Michael Goodwin: Coronavirus is Trump’s biggest test — He could lose the battle now and the …

During a 1983 strike on Metro-North commuter trains, many suburban riders ventured onto outer-borough subway lines to get to Manhattan. One of those riders, a man from Stamford, Conn., told the New York Times that he was unnerved by the obvious neglect.

“The subways are a little frightening to us,” he said as he struggled to stand upright on the Lexington Avenue line. “The graffiti makes you wonder just who is in charge down here anyway.”

That anecdote perfectly captured what most people expect from their government when they are unnerved: a sense that they are safe because someone is in charge. The graffiti signaled to the man from Stamford that he was on his own.

WHO DECLARES CORONAVIRUS GLOBAL ‘PANDEMIC’

Consider another New York moment, just seven years later. With violent crime spiraling out of control, a famous Post front page made a desperate plea to Mayor David Dinkins: “Dave, Do Something!”

The words expressed a common sentiment — that City Hall was inert in the face of rising bloodshed. Action, not dithering, was required.

The details of leadership are always important, but in the beginning, they matter less than the demonstration of an ironclad will. A “rally ’round the flag” moment is possible only when there is a leader to rally around.

History is filled with examples of leaders who rose to meet crises of public confidence and those who didn’t. Winston Churchill rallied the British people from what looked like certain defeat at the hands of Hitler and Rudy Giuliani was the consummate leader for a terrified and grieving New York in the aftermath of 9/11.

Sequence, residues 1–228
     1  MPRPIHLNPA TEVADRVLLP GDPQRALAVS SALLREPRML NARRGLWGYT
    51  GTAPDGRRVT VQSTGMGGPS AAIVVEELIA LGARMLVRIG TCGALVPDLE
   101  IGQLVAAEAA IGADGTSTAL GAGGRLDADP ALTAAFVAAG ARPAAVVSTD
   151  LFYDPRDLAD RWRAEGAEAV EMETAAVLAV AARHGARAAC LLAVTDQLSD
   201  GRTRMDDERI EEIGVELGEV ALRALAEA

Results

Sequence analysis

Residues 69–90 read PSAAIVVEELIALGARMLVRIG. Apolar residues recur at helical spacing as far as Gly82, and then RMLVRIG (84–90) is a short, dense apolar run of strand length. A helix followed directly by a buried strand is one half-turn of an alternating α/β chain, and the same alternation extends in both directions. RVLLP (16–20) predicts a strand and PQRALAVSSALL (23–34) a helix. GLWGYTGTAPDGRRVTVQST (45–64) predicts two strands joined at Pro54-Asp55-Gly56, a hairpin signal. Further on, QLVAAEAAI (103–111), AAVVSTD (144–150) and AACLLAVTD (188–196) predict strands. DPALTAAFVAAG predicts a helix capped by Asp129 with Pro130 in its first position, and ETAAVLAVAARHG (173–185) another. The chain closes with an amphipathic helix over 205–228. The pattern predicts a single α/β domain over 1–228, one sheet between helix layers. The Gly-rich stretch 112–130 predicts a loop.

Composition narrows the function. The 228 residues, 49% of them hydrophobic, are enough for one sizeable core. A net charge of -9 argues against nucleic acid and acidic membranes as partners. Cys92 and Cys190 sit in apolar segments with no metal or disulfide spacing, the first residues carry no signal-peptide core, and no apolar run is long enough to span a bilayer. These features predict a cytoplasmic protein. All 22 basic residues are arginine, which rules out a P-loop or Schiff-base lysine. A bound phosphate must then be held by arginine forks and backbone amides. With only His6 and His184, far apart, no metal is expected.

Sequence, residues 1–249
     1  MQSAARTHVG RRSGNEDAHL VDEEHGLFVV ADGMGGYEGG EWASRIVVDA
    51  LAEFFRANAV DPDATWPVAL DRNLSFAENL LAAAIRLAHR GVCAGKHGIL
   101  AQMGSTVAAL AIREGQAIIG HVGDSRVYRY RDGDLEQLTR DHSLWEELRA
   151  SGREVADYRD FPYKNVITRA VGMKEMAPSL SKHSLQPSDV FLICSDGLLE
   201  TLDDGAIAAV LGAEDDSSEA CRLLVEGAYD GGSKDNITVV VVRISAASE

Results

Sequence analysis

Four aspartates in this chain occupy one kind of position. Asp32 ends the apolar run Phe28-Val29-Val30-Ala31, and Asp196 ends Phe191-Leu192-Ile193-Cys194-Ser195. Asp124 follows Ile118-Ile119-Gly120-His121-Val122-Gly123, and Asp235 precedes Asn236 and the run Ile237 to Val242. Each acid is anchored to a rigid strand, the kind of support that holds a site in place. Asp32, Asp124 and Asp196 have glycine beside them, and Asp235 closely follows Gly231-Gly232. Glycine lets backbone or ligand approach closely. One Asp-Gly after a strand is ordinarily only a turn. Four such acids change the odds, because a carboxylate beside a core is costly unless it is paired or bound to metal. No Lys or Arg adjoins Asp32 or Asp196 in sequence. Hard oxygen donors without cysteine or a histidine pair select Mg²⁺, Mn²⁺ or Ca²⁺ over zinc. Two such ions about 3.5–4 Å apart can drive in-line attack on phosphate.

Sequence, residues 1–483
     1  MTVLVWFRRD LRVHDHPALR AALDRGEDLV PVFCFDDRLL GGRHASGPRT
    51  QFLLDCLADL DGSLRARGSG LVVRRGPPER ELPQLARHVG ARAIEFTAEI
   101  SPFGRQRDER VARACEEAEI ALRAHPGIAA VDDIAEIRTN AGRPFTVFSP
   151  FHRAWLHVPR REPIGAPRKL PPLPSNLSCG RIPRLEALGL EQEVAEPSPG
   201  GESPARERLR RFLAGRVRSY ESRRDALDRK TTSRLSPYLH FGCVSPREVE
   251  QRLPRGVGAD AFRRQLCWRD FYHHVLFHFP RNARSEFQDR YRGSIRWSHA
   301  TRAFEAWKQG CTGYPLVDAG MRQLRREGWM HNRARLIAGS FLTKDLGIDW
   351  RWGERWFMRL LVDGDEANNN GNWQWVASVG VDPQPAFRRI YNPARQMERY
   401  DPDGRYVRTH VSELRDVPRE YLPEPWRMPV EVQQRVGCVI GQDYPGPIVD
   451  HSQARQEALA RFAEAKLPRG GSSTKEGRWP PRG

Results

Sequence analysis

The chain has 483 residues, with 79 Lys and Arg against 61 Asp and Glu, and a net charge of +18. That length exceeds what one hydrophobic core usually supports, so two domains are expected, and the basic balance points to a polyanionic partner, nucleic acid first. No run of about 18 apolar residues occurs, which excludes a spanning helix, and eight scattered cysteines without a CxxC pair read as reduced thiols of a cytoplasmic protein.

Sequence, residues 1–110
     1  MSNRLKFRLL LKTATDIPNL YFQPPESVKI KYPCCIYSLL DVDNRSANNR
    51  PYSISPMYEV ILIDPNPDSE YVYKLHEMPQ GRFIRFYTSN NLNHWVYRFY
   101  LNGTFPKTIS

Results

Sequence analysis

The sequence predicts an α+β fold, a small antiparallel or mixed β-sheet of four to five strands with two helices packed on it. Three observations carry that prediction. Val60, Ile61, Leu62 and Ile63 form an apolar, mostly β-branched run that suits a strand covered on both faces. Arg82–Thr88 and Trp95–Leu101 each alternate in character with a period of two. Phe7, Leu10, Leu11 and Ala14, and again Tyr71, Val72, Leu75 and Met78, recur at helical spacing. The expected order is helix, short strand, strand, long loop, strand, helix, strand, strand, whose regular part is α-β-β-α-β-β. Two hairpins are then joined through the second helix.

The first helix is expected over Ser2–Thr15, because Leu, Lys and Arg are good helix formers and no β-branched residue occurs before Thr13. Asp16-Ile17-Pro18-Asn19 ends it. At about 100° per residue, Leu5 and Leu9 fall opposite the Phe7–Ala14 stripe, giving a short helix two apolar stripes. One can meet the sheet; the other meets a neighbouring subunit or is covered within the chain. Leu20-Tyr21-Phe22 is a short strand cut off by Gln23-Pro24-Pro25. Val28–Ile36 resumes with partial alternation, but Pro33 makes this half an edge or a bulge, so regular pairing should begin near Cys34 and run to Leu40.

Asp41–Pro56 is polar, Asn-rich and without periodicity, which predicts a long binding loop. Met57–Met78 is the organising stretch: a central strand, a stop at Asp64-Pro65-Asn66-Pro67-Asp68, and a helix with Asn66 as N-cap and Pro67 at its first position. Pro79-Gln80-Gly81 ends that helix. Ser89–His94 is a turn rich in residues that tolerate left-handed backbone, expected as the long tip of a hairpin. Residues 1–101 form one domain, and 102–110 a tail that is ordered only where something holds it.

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The details of leadership are always important, but in the beginning, they matter less than the demonstration of an ironclad will. A “rally ’round the flag” moment is possible only when there is a leader to rally around.

Consider a contrary example. President George W. Bush was too slow to act when public opinion was turning against the Iraq War. Eventually, his 2007 troop surge worked, but the nation already had lost patience and then came the 2008 financial crisis. The result was a Democratic rout in the elections, with Barack Obama winning the White House and Dems expanding their majorities in Congress.

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Which brings us to President Trump. In a relatively short period of time, the coronavirus has exploded into a global threat and is presenting him with the most critical test of his presidency.

His response is improving but still needs work.

CLICK HERE TO CONTINUE READING MICHAEL GOODWIN’S COLUMN IN THE NEW YORK POST

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Source: FoxNews

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